In a statement issued by his Republican presidential campaign Monday evening, Trump suggested Clinton and her allies were using the matter to distract from her own recent campaign troubles.
Trump said the tweet portrayed “a basic star, often used by sheriffs who deal with criminals and criminal behavior,” as part of an effort to convey that “Crooked Hillary is the most corrupt candidate ever.”
It was the presumptive GOP nominee’s most extensive comment since his official account tweeted— then deleted — the image Saturday, sparking uproar over its potentially anti-Semitic connotations. Trump’s account later posted a new version with a circle in place of the six-point star.
Addressing the origins of the tweet for the first time, Trump campaign social media director Dan Scavino said in a statement posted on Trump’s Facebook page Monday evening that he had lifted it from an anti-Clinton Twitter feed and had never intended to offend anyone.
“The social media graphic used this weekend was not created by the campaign nor was it sourced from an anti-Semitic site. It was lifted from an anti-Hillary Twitter user where countless images appear,” he wrote.
He said that the star, which he described as a sheriff’s badge “fit with the theme of corrupt Hillary and that is why I selected it.”
“As the social media director for the campaign, I would never offend anyone and therefore chose to remove the image,” he added.
The now-deleted @FishBoneHead1 account that appears to have first posted the image featured a series of anti-Clinton memes as well as other provocative and offensive images. The image had also appeared on a white supremacist message board filled with anti-Semitic messages.
Scavino did not respond to a follow-up question about whether @FishBoneHead1 was the “anti-Hillary” Twitter account he was referring to.
Jonathan Greenblatt, CEO of the Anti-Defamation League, said Trump’s attempt to dismiss the concerns of people who have taken issue with the post “falls somewhere between absurd and offensive.”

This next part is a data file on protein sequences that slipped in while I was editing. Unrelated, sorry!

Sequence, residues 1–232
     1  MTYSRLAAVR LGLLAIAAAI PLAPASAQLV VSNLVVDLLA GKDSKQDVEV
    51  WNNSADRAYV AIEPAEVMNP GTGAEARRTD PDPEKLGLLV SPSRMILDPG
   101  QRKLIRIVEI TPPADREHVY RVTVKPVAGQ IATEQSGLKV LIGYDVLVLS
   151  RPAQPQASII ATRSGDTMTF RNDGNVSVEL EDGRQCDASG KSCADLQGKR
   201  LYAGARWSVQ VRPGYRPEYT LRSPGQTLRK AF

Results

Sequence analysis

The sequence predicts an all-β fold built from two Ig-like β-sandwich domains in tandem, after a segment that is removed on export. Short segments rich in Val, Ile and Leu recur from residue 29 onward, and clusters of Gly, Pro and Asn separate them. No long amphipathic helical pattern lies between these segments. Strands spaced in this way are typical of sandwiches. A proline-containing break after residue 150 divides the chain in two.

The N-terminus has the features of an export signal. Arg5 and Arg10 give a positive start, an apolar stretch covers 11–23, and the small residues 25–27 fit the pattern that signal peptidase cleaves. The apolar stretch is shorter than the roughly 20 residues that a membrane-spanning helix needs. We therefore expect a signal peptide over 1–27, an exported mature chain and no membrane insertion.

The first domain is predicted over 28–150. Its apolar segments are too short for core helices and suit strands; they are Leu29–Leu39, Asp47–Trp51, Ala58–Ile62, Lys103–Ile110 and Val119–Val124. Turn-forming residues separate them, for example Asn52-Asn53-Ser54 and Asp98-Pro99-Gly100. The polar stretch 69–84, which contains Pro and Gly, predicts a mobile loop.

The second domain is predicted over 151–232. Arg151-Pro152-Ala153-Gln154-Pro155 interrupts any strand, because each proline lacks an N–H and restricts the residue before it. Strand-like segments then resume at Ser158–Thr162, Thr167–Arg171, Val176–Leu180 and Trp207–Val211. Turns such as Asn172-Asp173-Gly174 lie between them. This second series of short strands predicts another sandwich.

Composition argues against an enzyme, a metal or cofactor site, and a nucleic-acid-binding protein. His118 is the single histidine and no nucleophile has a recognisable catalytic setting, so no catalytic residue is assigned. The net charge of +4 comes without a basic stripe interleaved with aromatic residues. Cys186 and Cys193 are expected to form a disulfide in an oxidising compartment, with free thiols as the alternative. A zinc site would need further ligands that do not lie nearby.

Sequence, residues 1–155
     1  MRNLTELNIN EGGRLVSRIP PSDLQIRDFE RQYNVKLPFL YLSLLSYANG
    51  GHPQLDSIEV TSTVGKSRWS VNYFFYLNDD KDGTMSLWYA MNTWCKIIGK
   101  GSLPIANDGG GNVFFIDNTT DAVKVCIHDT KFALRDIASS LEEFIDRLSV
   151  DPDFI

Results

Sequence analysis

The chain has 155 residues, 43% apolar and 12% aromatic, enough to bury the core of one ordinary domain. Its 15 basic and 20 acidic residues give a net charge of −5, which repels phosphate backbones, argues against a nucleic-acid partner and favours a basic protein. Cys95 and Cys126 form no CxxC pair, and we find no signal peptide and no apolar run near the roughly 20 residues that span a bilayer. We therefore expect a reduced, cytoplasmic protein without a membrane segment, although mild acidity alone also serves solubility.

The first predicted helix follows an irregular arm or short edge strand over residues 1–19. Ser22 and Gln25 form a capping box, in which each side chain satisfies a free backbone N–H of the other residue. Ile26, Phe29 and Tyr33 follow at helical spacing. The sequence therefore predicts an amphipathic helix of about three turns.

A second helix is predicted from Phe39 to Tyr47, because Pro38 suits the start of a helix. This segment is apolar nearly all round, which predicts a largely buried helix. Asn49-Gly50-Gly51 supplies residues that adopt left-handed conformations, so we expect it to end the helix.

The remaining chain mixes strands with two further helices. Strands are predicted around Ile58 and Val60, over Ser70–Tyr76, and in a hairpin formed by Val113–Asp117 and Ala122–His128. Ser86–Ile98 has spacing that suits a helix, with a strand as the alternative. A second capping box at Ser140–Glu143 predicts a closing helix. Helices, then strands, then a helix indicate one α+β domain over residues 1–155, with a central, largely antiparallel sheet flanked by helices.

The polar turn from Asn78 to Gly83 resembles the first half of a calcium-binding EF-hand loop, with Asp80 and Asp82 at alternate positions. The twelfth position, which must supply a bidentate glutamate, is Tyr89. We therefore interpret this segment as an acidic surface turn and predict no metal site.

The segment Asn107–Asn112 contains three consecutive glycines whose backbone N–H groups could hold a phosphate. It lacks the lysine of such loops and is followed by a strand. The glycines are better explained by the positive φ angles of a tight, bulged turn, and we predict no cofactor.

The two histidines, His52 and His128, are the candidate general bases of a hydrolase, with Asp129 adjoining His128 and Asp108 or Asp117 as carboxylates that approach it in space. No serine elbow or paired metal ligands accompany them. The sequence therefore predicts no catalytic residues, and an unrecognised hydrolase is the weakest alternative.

“It’s not a left-wing issue or a right-wing issue,” he said. “It’s not a Democratic issue or a Republican issue. It’s a matter of common sense.” Greenblatt said: “It would be appropriate and timely for the presumptive GOP nominee for the White House to say unequivocally, I want nothing to do with these ideas,” and to say “hate has no place in making America great again.”
Earlier Monday, Sarah Bard, director of Jewish outreach for Clinton’s Democratic presidential campaign, said in a statement that “Trump’s use of a blatantly anti-Semitic image from racist websites to promote his campaign” was part of a pattern by him. “Now, not only won’t he apologize for it, he’s peddling lies and blaming others,” she added. “Trump should be condemning hate, not offering more campaign behavior and rhetoric that engages extremists.”
In his statement, Trump accused Clinton’s campaign of using the tweet to try to “divert attention from the dishonest behavior of herself and her husband.” He cited her “missing emails” and Bill Clinton’s impromptu meeting with Attorney General Loretta Lynch as her agency oversees the investigation into Hillary Clinton’s use of a private email server as secretary of state.
Trump has long professed his support for Israel and his daughter converted to Judaism before her marriage. But he has come under scrutiny for repeatedly re-tweeting posts from white supremacists’ accounts and for not immediately renouncing the support of former Ku Klux Klan grand wizard David Duke.